Transport sector, as one of the main energy consumers together with the industry and households, is looking into clean technologies that reduce its energy consumption and emissions. For this purpose, electric, hybrid (and plug-in hybrid) and fuel cell vehicles represent some of the technologies that using braking energy recovery systems can meet this goal. In urban areas, where population density is very high and emissions present a higher risk to human health, electric powered vehicles such as trams, metros and trolley buses have already been in use for many years. These vehicles do not produce local emissions and are already efficient due to their low friction (rail vehicles) and to regenerative braking technologies that allow energy exchange among vehicles. Nevertheless, the efficiency of this system can be improved with the inclusion of energy recovery systems that capture the vehicles braking energy that could not be re-used. In this context, this PhD proposes a novel multi-train simulation tool that models the interactions and energy exchange among vehicles running on the line and shows the influence of the traffic density on the vehicles energy regeneration and substations energy consumption. The tool can simulate both conventional and modern rail networks equipped with different energy saving technologies such as hybrid trains with on-board Rechargeable Energy Storage Systems (RESS), stationary RESS and reversible substations. The tool is validated with measurements taken in a conventional line and then, an assessment of on-board RESS, wayside RESS and reversible substation is done in a tram and metro line. Similarly, in order to study the potential reduction in energy consumption in urban buses, an enhanced backwards/forward looking simulation tool is presented. It can evaluate the benefits of Series Hybrid Electric Vehicles (SHEV) and compare different power flow control strategies in terms of energy savings and RESS requirements. The RESS of a vehicle or a railway will be formed by the energy storage device itself (e.g., batteries, Electric Double Layer Capacitors (EDLCs), flywheels, etc.) and a power converter that is able to control the power flow between the RESS and the system where it is installed. In an urban environment, where driving cycles experience frequent braking and low speeds, EDLCs are a good option to form the RESS due to their high efficiency, high power capability and long lifetime, among other characteristics. Therefore, this Ph.D. investigates a very particular power converter topology, the Series Resonant Converter, to act as an interface between the EDLCs and the vehicles DC bus (or the rail network supply line). The converter analysis and control is provided and a 30 kW prototype is designed built and tested. The efficiency, in function of the strategy used, is calculated theoretically and it is compared with experimental results.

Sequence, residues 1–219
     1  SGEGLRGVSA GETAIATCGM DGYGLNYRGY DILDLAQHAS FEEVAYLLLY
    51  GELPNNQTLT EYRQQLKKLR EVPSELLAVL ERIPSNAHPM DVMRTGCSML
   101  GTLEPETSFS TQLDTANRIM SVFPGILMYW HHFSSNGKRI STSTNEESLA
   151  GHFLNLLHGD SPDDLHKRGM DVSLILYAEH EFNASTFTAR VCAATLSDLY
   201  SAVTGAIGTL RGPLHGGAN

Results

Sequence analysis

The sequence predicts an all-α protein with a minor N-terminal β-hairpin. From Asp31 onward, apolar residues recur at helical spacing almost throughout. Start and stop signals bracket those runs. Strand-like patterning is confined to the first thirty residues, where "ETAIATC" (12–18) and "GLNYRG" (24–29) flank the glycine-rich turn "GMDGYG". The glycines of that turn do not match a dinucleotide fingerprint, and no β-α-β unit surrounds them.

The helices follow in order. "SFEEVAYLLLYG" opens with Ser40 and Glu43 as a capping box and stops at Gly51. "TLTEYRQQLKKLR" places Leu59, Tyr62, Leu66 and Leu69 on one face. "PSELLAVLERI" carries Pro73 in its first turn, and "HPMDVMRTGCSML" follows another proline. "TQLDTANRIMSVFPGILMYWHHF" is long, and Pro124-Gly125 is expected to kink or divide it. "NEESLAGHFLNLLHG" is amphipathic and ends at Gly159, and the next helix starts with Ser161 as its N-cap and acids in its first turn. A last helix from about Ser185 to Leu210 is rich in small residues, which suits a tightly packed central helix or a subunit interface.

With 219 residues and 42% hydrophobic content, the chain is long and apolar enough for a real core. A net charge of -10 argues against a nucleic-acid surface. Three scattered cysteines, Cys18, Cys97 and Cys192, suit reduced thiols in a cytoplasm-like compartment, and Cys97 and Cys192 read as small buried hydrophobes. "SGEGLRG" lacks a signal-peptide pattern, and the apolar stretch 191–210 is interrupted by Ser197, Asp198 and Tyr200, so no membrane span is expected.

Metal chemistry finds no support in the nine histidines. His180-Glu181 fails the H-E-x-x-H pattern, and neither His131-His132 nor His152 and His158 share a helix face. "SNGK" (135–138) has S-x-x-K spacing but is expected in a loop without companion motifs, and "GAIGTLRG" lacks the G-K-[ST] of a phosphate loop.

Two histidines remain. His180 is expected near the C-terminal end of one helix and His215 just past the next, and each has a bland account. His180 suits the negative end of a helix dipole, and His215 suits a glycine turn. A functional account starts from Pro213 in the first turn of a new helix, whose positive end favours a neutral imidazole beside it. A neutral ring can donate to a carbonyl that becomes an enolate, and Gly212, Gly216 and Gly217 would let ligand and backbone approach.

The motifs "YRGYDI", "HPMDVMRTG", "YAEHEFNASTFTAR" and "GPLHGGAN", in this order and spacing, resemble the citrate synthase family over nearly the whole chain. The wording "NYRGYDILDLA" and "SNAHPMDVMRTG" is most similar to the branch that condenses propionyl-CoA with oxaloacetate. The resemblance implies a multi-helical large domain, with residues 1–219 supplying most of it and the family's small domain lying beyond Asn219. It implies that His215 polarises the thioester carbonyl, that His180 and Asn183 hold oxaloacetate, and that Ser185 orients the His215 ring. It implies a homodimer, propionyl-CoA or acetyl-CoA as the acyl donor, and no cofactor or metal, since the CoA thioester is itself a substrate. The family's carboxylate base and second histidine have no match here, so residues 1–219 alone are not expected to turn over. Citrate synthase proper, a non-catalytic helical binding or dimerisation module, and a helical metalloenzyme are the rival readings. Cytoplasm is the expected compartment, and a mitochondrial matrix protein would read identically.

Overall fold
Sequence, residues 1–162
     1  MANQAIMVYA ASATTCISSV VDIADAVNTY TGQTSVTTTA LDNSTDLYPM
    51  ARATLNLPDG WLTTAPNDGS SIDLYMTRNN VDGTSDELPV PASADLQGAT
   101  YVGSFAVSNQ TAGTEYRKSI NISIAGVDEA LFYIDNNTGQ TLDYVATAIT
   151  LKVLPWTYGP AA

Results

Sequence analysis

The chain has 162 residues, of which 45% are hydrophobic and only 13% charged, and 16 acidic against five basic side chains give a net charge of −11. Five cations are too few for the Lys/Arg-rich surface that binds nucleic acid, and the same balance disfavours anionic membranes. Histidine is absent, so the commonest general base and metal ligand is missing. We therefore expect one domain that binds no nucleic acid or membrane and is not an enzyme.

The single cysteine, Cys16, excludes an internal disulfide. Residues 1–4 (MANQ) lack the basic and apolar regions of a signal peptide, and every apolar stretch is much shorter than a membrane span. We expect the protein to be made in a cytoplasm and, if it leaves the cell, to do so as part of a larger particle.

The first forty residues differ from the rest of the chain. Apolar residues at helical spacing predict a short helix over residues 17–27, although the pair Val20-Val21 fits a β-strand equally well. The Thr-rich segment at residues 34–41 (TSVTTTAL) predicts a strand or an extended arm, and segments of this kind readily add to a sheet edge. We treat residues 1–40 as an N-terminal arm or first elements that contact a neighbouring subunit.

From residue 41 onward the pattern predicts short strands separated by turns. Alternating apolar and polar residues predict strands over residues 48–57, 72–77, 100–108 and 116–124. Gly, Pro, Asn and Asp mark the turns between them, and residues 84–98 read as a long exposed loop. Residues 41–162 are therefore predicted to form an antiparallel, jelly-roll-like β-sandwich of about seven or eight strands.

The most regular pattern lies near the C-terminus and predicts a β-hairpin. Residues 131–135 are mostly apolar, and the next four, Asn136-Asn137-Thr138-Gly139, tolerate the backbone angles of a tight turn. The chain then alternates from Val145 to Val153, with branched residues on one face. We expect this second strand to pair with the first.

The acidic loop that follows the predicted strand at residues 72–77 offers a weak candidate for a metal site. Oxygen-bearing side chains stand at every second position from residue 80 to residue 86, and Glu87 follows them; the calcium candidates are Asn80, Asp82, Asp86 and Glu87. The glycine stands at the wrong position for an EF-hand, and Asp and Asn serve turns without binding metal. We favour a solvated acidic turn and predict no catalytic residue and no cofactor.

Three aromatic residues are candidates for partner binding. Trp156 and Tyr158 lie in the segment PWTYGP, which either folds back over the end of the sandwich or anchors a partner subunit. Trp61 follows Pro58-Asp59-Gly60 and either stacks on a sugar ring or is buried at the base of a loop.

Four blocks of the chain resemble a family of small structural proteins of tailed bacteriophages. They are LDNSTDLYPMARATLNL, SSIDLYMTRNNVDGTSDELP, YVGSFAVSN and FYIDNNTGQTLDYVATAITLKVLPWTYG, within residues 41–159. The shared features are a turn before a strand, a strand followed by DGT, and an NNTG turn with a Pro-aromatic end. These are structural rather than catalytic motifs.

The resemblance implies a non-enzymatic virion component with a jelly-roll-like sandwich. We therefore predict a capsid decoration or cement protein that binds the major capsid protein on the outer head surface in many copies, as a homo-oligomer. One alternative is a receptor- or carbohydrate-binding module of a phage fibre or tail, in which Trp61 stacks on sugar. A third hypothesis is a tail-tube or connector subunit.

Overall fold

Promotor: Prof. Dr. Joeri Van Mierlo
Committee members: Prof. Philippe Lataire (VUB), Prof. Alain Bouscayrol (University of Lille), Gerard Coquery (IFSTTAR), Prof. Patrick Guillaume (VUB), Prof. Rik Pintelon (VUB), Prof. Peter Van den Bossche (VUB/Erasmus Hogeschool Brussel)